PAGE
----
The results, says Dr. Nicholas Dodman, director of the animal behavior clinic at the Cummings School of Veterinary Medicine at Tufts, have implications for both humans and dogs. Using this new information, the genetic defect might now be mapped in the human genome. This means we may be able to find the genetic cause of obsessive-compulsive disorder, and possibly other disorders -- such as autism -- which are closely related.

Since the mapping of the Boxer’s genome, researchers have rushed to see what implications the new information has for human medicine, as the painstaking process of mapping the human genome continues. The information gained from the dog genome has allowed researchers to take shortcuts in investigating genetically caused disorders in humans. It seems the Doberman and the Boxer have helped advance human medicine by leaps and bounds.

April is Heartworm Awareness Month

Pets and their people love being outside in the summertime - and so do mosquitoes. Because mosquitoes are the most common carriers of heartworm disease, keeping pets up to date on preventive heartworm treatments during mosquito season is especially important.

Heartworms are exactly that—large worms that live in the hearts of cats and dogs. Known as Dirofilaria Immitis, heartworms are long, spaghetti-like worms that range in size from 6 to 10 inches. Heartworms are almost always transmitted by mosquitoes. A mosquito bites an infected dog or cat; that mosquito picks up microfilariae, a microscopic version of the heartworm. When that mosquito bites your dog or cat, the heartworm microfilariae are transmitted to him / her. Within 70 to 90 days, the microfilariae make it to your pet's heart and, once mature, begin reproducing. The cycle then begins again.

Signs of heartworm disease in pets vary based on the age and species of the pet and the number of worms present. Because the worms are usually located on the right side of the heart and lung, coughing and shortness of breath are common signs in both dogs and cats. Dogs that have just acquired the disease may have no signs, while dogs with a moderate occurrence of the disease may cough and show an inability to exercise. In extreme cases, dogs may experience fainting, weight loss, fever, abdominal swelling and death. In cats, the symptoms of heartworm disease are similar to those of feline asthma, including coughing and shortness of breath. Some cats may exhibit no signs of the disease, while others may suddenly die.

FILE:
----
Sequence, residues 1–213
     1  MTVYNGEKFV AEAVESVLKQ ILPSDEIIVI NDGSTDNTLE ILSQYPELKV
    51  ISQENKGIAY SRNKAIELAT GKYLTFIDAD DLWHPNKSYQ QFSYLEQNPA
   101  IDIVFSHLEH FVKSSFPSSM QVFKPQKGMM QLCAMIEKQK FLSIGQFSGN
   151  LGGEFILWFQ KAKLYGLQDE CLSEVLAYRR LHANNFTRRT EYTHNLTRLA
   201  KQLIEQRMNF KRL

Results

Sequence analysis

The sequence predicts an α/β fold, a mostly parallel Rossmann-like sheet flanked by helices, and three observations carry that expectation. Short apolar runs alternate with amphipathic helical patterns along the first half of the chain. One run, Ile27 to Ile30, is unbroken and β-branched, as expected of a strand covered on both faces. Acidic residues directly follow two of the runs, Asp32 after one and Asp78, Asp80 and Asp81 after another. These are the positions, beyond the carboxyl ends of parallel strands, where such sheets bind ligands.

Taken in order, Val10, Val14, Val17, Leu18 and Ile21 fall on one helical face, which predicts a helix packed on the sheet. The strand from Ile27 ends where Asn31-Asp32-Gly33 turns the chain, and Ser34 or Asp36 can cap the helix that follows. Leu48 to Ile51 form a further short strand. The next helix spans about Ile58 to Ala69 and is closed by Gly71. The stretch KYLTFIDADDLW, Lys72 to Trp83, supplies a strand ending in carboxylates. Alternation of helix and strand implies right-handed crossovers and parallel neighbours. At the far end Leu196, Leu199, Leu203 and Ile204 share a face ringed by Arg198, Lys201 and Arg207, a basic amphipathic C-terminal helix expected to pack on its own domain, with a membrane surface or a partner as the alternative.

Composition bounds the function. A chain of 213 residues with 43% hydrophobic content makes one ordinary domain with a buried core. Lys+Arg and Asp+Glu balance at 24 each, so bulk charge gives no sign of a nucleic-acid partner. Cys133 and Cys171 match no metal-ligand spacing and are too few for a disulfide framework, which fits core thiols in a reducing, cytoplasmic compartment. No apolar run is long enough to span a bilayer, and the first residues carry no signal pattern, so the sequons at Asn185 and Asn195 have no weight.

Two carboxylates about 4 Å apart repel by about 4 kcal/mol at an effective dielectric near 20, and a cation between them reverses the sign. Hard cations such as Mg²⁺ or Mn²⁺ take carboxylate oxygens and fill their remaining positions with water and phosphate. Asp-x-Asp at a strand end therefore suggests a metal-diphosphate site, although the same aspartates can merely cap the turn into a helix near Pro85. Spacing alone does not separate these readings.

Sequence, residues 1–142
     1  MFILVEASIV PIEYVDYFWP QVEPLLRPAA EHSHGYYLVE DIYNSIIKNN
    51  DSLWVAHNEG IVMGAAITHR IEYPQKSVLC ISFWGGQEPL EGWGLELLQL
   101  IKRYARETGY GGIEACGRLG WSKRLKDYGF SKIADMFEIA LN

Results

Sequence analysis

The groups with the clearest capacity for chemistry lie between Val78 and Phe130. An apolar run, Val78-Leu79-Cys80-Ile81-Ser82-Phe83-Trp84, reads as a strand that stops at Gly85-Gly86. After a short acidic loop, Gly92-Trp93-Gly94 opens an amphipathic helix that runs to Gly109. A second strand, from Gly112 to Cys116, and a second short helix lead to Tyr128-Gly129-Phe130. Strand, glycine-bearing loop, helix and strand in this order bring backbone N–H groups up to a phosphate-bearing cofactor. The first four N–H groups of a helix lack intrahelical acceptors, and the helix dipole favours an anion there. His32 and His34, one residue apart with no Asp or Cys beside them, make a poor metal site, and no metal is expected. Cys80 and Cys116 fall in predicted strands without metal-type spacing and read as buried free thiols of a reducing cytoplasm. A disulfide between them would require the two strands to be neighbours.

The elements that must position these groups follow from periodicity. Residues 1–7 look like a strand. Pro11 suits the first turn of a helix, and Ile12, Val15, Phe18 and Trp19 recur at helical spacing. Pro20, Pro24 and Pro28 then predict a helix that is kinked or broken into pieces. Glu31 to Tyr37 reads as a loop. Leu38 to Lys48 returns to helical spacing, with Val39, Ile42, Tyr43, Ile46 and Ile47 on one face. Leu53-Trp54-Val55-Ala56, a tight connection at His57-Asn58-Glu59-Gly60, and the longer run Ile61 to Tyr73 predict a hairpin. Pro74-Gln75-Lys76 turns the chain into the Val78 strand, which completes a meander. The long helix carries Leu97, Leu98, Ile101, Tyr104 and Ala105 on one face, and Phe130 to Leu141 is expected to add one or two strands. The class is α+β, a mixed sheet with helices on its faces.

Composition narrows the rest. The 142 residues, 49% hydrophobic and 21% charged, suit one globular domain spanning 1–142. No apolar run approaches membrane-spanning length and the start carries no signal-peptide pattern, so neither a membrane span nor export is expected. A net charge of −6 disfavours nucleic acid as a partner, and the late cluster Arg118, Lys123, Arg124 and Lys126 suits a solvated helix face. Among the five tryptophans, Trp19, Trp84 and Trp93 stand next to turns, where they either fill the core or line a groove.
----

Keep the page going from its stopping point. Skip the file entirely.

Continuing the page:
Heartworm Disease Cycle

When it comes to preventing heartworm disease, pet owners have a number of options. Before beginning preventive medication, pet owners should have their pets tested for the presence of heartworms. If heartworms are present, a treatment plan should be discussed with your veterinarian. Most heartworm prevention is done by administering your pet a once-a-month heartworm preventive medication. Many of these monthly products are administered as a chew-able treat. Some are combined with other preventive medications. Your veterinarian will recommend the product that is best suited for your pet.


If you would like to have your pet tested for heartworm or you would like additional information about the disease, please contact your veterinary hospital.

How to Measure Your Pet's Quality of Life

Veterinarians take many things into consideration before recommending humane euthanasia for a sick, injured or elderly pet. When it comes to setting your own mind at ease, there are ways to rate or measure your pet's overall well-being.

The Veterinary Medical Center at Ohio State University published a survey designed to illustrate your pet's quality of life which was adapted from several other common methods. The survey asks you, the pet owner, to rate 25 different prompts on a scale from one to five. A score of one indicates strong agreement or a condition that is present all the time or is severe; a score of five indicates strong disagreement or a condition that is never present and nonexistent. Thus, higher scores indicate a better quality of life.



The Survey

Scale

1: Strongly Agree / All the Time / Severe

2: Agree / Most of the Time / Significant

3: Neutral / Sometimes / Mild

4: Disagree / Occasionally / Slight

5: Strongly Disagree / Never / None